Turning Your Biggest Critic Into Your Biggest Cheerleader

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I was five years old and starting first grade at a new school. Our class was divided into two groups: The Panda Bears and The Unicorns. Perhaps the teachers thought the students were too young to discern the difference between the groups.

Not this Panda Bear.

It was perfectly clear to me that unicorns were majestic, sparkly, and smart while panda bears were cute, roly-poly and, alas, not the brightest crayons in the box. I certainly preferred (and still prefer) charismatic mega fauna to mythical creatures, but that wasn’t enough to convince me that being a panda bear was a good thing. The message was clear to me: I didn’t belong. And I wasn’t worthy of belonging.

The goal during that school year seems to have been for all the Panda Bears to read aloud in front of the class. (The Unicorns could already read aloud, presumably, coz they were all sparkly and shit.)

I was a shy kid. Reading aloud in front of the class was not my thing. And I couldn’t read.

As the year went on, though, I learned to read. And the day finally came for me to read “A Dog on a Log” in front of the class. I was the last kid…the last Panda Bear. And when I finished reading what was likely not the most thrilling story about a dog on a log, the entire class cheered.

I. Was. Mortified. (And it still registers today as one of the most embarrassing moments of my life.)

I was different. I wasn’t worthy. I didn’t belong.

This is one of my earliest memories of my gremlin—the inner critic that tells us we’re not good enough. I held onto these messages throughout my childhood, adolescence and into adulthood. I gradually came to own my uniqueness, but I still heard the gremlin’s voice reminding me I was different. That I didn’t belong. That I wasn’t worthy. I carried these messages with me until coaching school in 2014, when my peer coach helped me give my gremlin a new job.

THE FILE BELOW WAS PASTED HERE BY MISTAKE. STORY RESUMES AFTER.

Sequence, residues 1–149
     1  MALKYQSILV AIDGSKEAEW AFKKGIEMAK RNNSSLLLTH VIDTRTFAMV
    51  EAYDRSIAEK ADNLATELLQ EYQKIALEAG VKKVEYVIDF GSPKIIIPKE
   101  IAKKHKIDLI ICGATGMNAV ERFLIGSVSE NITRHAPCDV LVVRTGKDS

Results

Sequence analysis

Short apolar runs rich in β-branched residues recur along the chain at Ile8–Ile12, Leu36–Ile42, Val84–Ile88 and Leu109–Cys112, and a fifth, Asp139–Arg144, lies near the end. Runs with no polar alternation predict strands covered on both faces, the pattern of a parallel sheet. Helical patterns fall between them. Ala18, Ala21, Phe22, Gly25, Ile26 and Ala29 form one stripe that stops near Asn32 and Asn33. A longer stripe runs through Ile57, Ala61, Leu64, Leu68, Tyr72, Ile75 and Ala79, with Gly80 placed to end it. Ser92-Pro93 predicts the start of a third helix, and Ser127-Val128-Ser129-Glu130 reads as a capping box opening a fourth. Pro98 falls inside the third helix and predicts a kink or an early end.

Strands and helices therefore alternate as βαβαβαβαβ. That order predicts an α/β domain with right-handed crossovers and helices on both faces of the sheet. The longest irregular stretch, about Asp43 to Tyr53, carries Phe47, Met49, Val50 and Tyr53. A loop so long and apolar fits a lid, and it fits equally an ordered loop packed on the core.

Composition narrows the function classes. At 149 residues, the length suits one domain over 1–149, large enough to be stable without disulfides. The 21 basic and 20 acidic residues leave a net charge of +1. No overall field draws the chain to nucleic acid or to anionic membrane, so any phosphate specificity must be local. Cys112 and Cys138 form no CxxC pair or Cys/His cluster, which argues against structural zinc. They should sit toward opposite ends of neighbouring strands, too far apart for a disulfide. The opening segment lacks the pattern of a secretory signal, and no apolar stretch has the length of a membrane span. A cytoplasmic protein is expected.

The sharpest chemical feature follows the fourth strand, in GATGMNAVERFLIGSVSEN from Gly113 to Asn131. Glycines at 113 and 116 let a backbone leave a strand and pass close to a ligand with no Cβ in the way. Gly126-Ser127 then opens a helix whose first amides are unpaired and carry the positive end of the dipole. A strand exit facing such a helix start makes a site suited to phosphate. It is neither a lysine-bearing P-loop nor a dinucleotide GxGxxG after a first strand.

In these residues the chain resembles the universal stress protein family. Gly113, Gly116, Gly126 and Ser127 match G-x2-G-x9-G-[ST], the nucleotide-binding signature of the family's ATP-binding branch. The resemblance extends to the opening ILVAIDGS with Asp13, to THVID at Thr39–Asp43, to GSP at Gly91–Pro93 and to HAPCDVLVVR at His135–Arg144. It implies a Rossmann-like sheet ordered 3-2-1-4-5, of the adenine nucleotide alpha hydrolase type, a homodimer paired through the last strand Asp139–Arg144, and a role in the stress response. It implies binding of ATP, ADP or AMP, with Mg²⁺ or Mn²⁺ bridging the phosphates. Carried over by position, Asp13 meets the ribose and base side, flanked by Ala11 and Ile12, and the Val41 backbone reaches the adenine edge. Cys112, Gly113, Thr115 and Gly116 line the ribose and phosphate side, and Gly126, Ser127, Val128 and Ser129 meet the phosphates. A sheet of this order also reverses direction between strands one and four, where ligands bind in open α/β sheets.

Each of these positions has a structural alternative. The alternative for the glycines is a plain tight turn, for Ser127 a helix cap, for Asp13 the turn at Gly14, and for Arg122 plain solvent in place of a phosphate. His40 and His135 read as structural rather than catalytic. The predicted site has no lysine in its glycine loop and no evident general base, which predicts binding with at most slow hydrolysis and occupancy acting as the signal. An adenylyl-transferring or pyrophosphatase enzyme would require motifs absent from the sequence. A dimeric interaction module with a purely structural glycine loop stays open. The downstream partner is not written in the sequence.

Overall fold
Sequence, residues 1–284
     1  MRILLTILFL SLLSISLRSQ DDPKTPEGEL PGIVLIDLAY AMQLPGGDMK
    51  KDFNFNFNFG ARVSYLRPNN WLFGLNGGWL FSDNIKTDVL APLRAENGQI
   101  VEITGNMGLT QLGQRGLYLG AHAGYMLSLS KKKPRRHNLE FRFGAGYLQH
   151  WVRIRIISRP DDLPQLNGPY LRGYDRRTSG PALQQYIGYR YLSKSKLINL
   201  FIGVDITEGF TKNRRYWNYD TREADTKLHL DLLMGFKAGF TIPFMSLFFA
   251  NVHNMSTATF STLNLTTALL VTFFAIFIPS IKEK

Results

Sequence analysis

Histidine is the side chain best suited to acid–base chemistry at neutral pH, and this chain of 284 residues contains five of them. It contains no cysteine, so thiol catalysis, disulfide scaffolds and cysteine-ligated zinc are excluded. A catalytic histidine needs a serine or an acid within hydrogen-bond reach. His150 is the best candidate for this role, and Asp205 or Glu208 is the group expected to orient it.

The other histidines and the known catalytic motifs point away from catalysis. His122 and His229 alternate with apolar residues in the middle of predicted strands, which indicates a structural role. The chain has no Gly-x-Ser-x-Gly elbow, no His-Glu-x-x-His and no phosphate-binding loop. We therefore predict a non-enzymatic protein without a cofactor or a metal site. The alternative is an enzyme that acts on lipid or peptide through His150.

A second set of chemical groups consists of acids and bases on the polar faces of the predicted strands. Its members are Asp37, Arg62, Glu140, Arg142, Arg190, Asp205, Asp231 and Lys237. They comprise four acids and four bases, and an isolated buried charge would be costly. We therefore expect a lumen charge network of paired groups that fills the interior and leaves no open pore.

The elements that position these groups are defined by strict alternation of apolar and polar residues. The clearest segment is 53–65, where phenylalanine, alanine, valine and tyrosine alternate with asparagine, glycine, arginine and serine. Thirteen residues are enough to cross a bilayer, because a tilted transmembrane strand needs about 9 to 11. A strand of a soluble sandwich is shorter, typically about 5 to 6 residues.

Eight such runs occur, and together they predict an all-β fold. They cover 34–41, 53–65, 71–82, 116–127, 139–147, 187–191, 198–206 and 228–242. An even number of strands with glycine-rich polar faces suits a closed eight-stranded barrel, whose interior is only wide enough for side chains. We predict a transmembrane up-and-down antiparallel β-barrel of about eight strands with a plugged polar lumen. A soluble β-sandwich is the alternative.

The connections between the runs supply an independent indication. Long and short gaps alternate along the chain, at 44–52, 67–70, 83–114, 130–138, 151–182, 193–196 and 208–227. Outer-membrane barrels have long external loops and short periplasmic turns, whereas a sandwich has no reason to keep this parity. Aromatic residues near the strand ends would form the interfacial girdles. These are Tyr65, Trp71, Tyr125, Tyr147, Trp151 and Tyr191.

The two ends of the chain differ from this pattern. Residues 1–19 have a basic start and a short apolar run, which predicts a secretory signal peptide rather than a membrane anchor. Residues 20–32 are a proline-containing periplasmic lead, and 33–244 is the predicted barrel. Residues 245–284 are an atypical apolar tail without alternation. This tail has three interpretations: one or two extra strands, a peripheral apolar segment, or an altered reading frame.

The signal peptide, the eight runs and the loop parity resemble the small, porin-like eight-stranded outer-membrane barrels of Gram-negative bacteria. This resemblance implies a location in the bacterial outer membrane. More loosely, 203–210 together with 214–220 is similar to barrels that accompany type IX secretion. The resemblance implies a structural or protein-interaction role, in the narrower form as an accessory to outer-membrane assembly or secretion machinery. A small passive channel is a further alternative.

We all have gremlins. Sometimes they are quiet—usually when we’re in our comfort zones. But they tend to get ridiculously loud when we’re about to do something really awesome.

These gremlins are part of us. We unconsciously create them to protect ourselves from getting hurt—by insults from others, by failure or by embarrassment. Gremlins hate it when we stretch outside our comfort zones. They do everything in their power to keep us cozily wrapped in our barbed wire blankets. They tell us we’re not good enough, not smart enough, not strong enough, or not attractive enough. Basically, they tell us we’re not worthy.

Gremlins are very good at “protecting” us from harm, while, in truth, they’re actually “saving” us from our own greatness. Because our gremlins are part of us, we can’t crush them or make them disappear. We can change our relationship to them, however. We can give them a new job.

Imagine that mean, nagging voice you often hear when you’re about to take a risk or try something new. Imagine what it would feel like if you could transform that voice into something loving and supportive. Imagine what it would feel like if you could live with a cheerleader in your head instead of an enemy.

We can do that—you and me. We can turn the love on.

Want to find out how? Apply for a free discovery call here.